Aussie says G'Day!

Nov 8, 2011
9
0
11
Sydney
#1
Hi guys and gals,
Thanks for reading my intro. I am a Sydney based 65 y/o married to a beautiful Japanese lady. My name is Kevin Anderson. Although resident in Sydney, we have recently bought a house near Yokohama for future holiday stays. I am a keen cyclist and currently ride about 200 kilometres per week with a group from the LBS which includes several female riders( but not my wife).
I will be coming to Yokohama for Christmas and New Year and hoping to bring the road bike to keep up some training. I have a couple of questions which I hope someone can help me with. Firstly, does my bike have to be registered in Japan if I am staying for a three week period? Secondly, as it will be well and truly winter then, am I being optimistic about being able to go out on training rides? And finally, if not will there be organised (or makeup) rides that I might be able to join?
Thanks and cheers,
Kevin:bike:
 

FarEast

Maximum Pace
May 25, 2009
5,528
538
193
Yokohama
#2
No you don't need to get your bike registered.

Yes you will still be able to ride some amazing coastal routes durring Dec-Jan as well as some of the more traveled climbs.
 

WhiteGiant

Maximum Pace
Nov 4, 2006
1,192
240
93
Kita-Ueno
#6
Miura Peninsula

Hey Kevin,
In winter, it only snows about 2 or 3 times per year, and sometimes not until after the new year.
That being the case, there's some great low-altitude, but hilly, riding around the Miura Peninsula to the southeast of Yokohama. It's a decent 100-120km loop course following the coast most of the way around, and then riding back via Kamakura.
There might be more than a few guys who'd like to join you, if their regular mountain passes (above 500m) get snowed under.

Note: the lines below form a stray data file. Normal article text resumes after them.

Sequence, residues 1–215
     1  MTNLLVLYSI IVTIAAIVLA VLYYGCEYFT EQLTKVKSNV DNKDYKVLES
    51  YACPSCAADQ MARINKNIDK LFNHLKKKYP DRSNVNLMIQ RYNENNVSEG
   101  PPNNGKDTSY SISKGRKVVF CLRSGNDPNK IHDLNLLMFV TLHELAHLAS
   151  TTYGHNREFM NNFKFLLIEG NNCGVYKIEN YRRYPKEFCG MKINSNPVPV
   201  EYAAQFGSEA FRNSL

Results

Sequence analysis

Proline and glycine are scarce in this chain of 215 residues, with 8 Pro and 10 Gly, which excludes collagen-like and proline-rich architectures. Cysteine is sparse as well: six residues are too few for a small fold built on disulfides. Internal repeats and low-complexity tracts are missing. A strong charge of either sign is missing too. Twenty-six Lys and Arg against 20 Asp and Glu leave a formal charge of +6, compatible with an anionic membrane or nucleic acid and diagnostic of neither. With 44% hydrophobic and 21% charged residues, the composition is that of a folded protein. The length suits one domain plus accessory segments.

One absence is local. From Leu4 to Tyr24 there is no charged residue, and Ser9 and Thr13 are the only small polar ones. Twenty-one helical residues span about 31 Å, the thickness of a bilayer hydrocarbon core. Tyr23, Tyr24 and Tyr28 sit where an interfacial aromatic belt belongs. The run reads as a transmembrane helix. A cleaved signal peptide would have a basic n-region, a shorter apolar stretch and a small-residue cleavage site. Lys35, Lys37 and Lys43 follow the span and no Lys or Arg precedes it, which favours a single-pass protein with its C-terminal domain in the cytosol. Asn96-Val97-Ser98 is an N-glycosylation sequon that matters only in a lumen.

Keep an eye out in the forums for some rides in that area.
Travis
 
Nov 8, 2011
9
0
11
Sydney
#7
Thanks Heaps to all those who have responded to my message. Sounds like some good riding ahead. I am riding a 53/39 x 11/25 set up. Will this be ok for the hilly sections or will I need say 11/27 or 11/29 or a different chainwheel setup?. I am fairly strong but slower(struggle a bit) on the sharper gradients.
Thanks, Kevin
 

FarEast

Maximum Pace
May 25, 2009
5,528
538
193
Yokohama
#9
If you are riding thee coastal roads and Miura Hanto then the set up you have is fine. If you fancy riding some HC level climbs then you may need something a little more forgiving.
 
#10
Thanks Heaps to all those who have responded to my message. Sounds like some good riding ahead. I am riding a 53/39 x 11/25 set up. Will this be ok for the hilly sections or will I need say 11/27 or 11/29 or a different chainwheel setup?. I am fairly strong but slower(struggle a bit) on the sharper gradients.
Thanks, Kevin
Your setup is excellent; the 11/25 cassette is very handy (I keep a whole stock of them :D).

If, however, you are thinking of doing lots and lots of really long-distance climbing like this fruitcake does, I recommend that you either (1) switch to a 11/29 cassette in case you stick to your normal 53/39 crankset or (2) swith to a compact 50/34 crankset in case you do not want to change that 11/25 cassette.

(1) is the easiest and least expensive way of course. I use both (1) and (2) combinations on different bikes and find that both combinations are equally comfortable.

If you want to be(come) a champ in the HCs and if you like to grind a coffee mill, then you may want to consider a compact crank (although big HCs like Norikura are usually won on normal cranks).